A coaching relationship needs to consist of willing participants, who are open to building trust with one another (Foltos, 2013). This trust is the foundation of a working relationship that encourages risk-taking and growth.
It is important to set goals and norms collaboratively. While it can begin with a school or district goal, it can also stem from goals set by the coaching partnership (Foltos, 2013).
Establishing modes of respect is a separate consideration from participation. It is important to address time as a factor in a coaching relationship, and recognizing certification hours and/or compensation for work being done outside of the school day can properly value the process.
How do you create a peer coaching model that doesn’t suggest or feel like an evaluation system?
This week in my exploration of ISTE Teaching Standards with my graduate program in Digital Education Leadership at Seattle Pacific University, I am examining ISTE Teaching Standard 5 in an effort to understand how teachers can…
“continuously improve their professional practice, model lifelong learning, and exhibit leadership in their school and professional community by promoting and demonstrating the effective use of digital tools and resources.”
Embedded in this standard is the indicator for teachers to…
“exhibit leadership by demonstrating a vision of technology infusion, participating in shared decision making and community building, and developing the leadership and technology skills of others.”
This standard immediately make me think about my previous post on ISTE Teaching Standard 3 in which I explored collegiality and collaboration among educators. Collaboration of any kind is an important global skill that takes advantage of unique perspectives and expertise, while also being an effective method of adult learning (Morel, 2014). It is one that we need to be fostering in our own students, so it is important that we develop and model this ability ourselves. EdSurge reported that “Teachers consistently say they learn best from their peers” (2014, p. 8). In my previous post on collaboration, I used the word informal at times to define a collaborative experience that is less about attending a training guided by a top-down approach and more about working with colleagues to experiment and offer reciprocal feedback. My professor, @RobinHenrickson, guided me to consider my use of the word informal, as it can connote practices without norms or protocols. I realized that my past year of effective collaboration that I shared in this post utilized norms, whether I knew it or not. My colleague and I followed an inquiry model for implementing new practices or technologies, we offered each other feedback and support, and we respected each other’s expertise. So, as I approach ISTE Teaching Standard 5, I am now wondering how leadership can play an important role in the effectiveness and sustainability of collaborative professional development. How can I expand upon the success I’ve had collaborating during this past school year and work to lead a model that engages and benefits more of my school community?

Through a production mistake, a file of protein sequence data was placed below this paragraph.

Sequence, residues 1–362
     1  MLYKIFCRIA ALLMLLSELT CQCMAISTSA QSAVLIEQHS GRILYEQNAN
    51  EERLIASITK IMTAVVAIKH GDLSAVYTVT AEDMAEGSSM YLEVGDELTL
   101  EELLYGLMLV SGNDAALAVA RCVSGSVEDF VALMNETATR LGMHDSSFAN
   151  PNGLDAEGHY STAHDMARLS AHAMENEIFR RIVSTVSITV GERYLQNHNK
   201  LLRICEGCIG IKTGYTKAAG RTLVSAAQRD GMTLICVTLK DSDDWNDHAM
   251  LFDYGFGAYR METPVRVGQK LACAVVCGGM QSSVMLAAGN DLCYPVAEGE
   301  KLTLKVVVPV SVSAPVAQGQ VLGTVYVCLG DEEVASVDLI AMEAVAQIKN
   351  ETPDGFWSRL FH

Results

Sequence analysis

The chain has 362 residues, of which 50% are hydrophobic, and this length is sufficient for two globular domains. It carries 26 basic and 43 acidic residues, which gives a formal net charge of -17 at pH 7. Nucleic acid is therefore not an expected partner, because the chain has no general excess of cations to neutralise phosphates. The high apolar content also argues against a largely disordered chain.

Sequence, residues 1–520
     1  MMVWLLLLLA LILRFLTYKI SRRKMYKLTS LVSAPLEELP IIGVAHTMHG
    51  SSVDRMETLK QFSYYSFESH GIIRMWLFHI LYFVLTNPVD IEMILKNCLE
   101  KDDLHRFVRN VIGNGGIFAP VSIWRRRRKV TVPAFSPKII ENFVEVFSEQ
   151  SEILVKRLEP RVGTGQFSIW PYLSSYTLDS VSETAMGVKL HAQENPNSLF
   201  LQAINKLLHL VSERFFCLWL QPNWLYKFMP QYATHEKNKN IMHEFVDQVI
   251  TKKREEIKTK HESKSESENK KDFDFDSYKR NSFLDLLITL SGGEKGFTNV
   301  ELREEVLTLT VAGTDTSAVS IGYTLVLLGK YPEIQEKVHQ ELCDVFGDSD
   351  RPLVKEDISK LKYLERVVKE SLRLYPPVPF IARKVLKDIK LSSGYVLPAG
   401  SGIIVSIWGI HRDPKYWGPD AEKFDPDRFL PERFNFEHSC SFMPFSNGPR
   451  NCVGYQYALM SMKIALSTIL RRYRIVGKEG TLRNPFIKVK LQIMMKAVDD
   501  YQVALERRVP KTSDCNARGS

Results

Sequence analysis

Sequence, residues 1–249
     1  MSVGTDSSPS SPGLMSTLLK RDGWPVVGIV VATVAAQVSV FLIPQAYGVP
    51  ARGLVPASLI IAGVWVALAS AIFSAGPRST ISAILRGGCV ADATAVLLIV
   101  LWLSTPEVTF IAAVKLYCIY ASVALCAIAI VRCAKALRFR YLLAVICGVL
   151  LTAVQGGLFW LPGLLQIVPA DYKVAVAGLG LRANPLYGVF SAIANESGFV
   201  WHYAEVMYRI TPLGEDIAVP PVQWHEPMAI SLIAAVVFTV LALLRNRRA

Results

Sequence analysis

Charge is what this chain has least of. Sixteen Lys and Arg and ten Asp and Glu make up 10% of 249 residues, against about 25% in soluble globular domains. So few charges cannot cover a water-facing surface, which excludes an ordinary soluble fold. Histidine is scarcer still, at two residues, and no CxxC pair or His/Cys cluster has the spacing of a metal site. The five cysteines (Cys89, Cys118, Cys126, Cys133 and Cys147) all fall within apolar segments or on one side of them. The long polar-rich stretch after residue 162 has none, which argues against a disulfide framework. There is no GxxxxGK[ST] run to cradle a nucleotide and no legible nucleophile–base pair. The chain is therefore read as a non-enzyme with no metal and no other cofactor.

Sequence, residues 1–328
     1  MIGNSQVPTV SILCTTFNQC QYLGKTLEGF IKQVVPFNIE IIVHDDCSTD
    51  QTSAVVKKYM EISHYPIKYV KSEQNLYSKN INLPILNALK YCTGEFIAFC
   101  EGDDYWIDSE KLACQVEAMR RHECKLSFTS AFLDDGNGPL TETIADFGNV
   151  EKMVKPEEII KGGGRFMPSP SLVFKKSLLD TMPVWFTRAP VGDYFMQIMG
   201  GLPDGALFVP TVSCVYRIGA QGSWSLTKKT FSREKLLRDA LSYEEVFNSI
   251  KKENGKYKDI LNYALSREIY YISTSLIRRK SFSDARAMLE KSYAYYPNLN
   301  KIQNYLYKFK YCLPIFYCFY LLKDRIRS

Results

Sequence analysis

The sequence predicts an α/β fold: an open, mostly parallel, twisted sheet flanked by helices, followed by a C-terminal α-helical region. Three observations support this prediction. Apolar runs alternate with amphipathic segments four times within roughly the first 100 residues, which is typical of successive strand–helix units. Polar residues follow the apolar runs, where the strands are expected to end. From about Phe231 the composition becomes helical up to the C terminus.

What role do teacher leaders play in establishing effective collaborative practices focused on Ed tech?
@University of the Frasier Valley via Flickr
This week in my graduate studies, I looked at ISTE Teaching Standard 3 or “Model digital age work and learning.” The broad implications of this standard initially left me wondering where to start. The more I thought about it the more I realized that, in many ways, I have lived this standard over the past year. I investigated the following two indicators, with a focus on the audience of my peers.
- Demonstrate fluency in technology systems and the transfer of current knowledge to new technologies and situations
- Collaborate with
students , peers, parents, and community members using digital tools and resources to support student success and innovation
This school year has seen a major shift in my instruction. Due to the influence of my graduate studies, I have both experimented with and implemented more new ideas with technology, than ever before in my past seven years of teaching. While I have never felt behind in my use of technology, I have certainly never been ahead. Previously, digital tools have felt additive, as opposed to integrative. With new tools emerging all the time, I found myself overwhelmed. I viewed digital tools as finite tasks to master, instead of part of a larger pedagogical approach. As my own discovery of education technology has emerged and left my excited to share, I now wonder how I can become a leader in this field. What are the best methods for sharing my own shift in mindset and becoming a resource to fellow educators?
How can educators share and model successful and unsuccessful technology tools and ideas to colleagues in a manner that is useful, applicable, and trustworthy?
If I reflect on my lack of experimentation in past years, I am reminded that new ideas have been often shared with me in presentations at professional development settings. These have been static in nature, and rarely, ever collaborative. However, this year, that has changed. Learning and improving any practice doesn’t happen in isolation. While informal in nature, my collaboration with one particular colleague this year has resulted in impactful change for my students.